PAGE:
A Medical Corporation Checklist To Help You Stay In Compliance Legally
A person can be overwhelmed by incorporating their medical practice, causing them to feel stressed by the unknown that comes with it. Don't let yourself feel stressed out. Instead, use the checklist listed below to get a better understanding about the legal compliance for your medical corporation.
A Look At Incorporation
Forming A Medical Corporation - The two basic choices you have include the C or S corporations. Medical corporations are quite tricky in law so it's advisable to consult an attorney who knows a good deal of medical corporation law to draw together your corporate documents, regardless of what they are.
Fictitious Name Permit - This is considered a DBA or a name that's not the legal name of a medical corporation. In the majority of cases, a person will need to get an invented name permit from the Division of Licensing/Medical Board. You may also need to do a "separate fabricated name" filing with the local county recorder's office.
Shareholders/Buy-Sell Agreement - If the practice has more than one doctor/ owner, then it's in the best interest of the company to get shareholders to keep watch over the relationship with the partners. These agreements will save persons a ton of money should the relationship between the partners goes south.
Buy-sell agreements will determine disputes between warring partners. This includes exit provisions in cases where partners are not able to work together any longer. It's sort of like an economic divorce for partners.
Federal Employer Identification Number - Make sure to obtain your EIN from the IRS or its website.
Bank Accounts - Once you've got the incorporation articles and your EIN, it's time to open your bank accounts.
Pick Your Location - The first thing you need to do is have a general location picked out. Once you do this, you need to look into the local zoning requirements to ensure that you can even do a medical practice in that location. Make sure that you talk to the planning/permits department for this as well as other local requirements of your "proposed" location.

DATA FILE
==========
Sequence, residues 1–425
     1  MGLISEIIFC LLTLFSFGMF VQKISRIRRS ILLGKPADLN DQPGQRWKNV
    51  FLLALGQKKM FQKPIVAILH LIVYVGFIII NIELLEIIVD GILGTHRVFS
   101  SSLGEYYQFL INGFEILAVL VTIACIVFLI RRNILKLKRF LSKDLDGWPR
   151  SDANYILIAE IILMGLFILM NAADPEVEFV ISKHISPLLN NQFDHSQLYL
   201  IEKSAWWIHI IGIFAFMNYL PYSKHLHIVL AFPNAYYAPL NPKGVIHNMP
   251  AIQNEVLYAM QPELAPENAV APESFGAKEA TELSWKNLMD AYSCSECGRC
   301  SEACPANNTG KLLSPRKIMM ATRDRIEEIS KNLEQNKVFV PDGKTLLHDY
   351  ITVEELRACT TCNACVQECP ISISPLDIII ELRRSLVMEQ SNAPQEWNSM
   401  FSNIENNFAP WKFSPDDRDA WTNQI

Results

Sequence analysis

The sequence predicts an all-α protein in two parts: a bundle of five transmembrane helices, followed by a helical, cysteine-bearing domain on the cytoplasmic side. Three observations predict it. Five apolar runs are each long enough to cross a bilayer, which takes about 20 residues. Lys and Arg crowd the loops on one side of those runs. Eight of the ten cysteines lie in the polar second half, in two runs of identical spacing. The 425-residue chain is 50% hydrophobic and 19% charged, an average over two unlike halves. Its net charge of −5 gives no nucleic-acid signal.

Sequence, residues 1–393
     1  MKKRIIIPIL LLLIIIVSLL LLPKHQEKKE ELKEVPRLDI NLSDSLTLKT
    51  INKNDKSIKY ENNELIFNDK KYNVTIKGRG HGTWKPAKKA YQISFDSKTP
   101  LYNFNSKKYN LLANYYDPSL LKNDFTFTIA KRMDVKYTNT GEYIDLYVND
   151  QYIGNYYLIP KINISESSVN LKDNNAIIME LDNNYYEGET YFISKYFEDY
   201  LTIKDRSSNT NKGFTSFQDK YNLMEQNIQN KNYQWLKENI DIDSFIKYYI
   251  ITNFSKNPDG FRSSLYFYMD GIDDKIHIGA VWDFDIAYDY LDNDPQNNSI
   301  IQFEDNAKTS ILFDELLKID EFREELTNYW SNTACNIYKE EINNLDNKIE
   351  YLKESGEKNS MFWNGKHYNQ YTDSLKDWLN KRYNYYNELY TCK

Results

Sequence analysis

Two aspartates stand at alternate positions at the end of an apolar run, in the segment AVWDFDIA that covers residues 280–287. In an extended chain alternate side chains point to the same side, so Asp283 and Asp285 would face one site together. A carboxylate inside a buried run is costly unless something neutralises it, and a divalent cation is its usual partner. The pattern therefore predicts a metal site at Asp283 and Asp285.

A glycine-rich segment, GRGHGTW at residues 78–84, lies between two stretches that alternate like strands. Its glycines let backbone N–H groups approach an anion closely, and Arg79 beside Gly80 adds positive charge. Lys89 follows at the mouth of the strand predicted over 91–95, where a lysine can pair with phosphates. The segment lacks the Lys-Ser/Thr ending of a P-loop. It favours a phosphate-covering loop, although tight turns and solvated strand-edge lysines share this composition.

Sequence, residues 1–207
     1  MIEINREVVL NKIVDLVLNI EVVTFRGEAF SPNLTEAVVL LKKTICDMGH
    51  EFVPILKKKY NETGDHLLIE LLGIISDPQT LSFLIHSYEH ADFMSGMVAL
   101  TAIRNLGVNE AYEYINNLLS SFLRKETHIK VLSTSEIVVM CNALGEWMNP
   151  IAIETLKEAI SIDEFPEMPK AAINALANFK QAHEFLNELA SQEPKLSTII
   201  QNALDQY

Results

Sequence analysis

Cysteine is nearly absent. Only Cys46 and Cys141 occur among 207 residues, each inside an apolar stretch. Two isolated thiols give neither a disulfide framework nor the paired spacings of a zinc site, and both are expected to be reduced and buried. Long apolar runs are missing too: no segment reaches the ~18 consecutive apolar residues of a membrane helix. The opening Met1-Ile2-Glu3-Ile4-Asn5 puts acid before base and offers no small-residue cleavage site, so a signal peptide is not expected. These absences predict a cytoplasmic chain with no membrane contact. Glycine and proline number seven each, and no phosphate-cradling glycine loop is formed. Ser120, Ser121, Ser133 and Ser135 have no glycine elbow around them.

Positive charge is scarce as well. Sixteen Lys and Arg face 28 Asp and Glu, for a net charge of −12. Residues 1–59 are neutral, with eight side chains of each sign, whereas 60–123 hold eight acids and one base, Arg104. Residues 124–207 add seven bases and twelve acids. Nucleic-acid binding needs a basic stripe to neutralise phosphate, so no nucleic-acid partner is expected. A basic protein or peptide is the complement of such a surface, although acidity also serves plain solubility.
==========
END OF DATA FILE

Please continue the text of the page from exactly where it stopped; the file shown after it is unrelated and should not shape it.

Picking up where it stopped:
Real Property Lease - A very important contract you'll be signing is the office lease. A lease is a contract that binds you to that location for quite some time. You'll continue to pay rent even if the practice fails to make any real money. This is an area that you should an attorney at your side.
Trademarks - If you plan on having a medical practice that relies on a particular business name/trademark, you need to ensure of anyone else in that area having the rights to use the name. Be sure to check out the Internet to find anyone using the name for medical practices within your region. If the Internet search yields no trademark issue, you need to trademark. However, if there are issues, speak with an attorney to find out what you need to do now.
Local Business License - Be sure to get your business license in the city you plan to operate in.
Seller's Permit - If you plan on selling merchandise, you'll need a seller's permit, which you'll obtain from the California State Board of Equalization.
Employer Filings and Withholdings - If your business has employees, you'll need to file a DE-1 form with the California EDD. Once you do this, you will always have to be in compliance with the employment law. Make sure to employ the services of a payroll company to handle all the employee wage withholdings.
Workers' Compensation and Other Insurance - Once you hire employees to work for you, you'll need an insurance broker to deal with the workers' compensation insurance. According to law, you must have workers' compensation. Be sure to have an experienced broker to buy your professional malpractice insurance.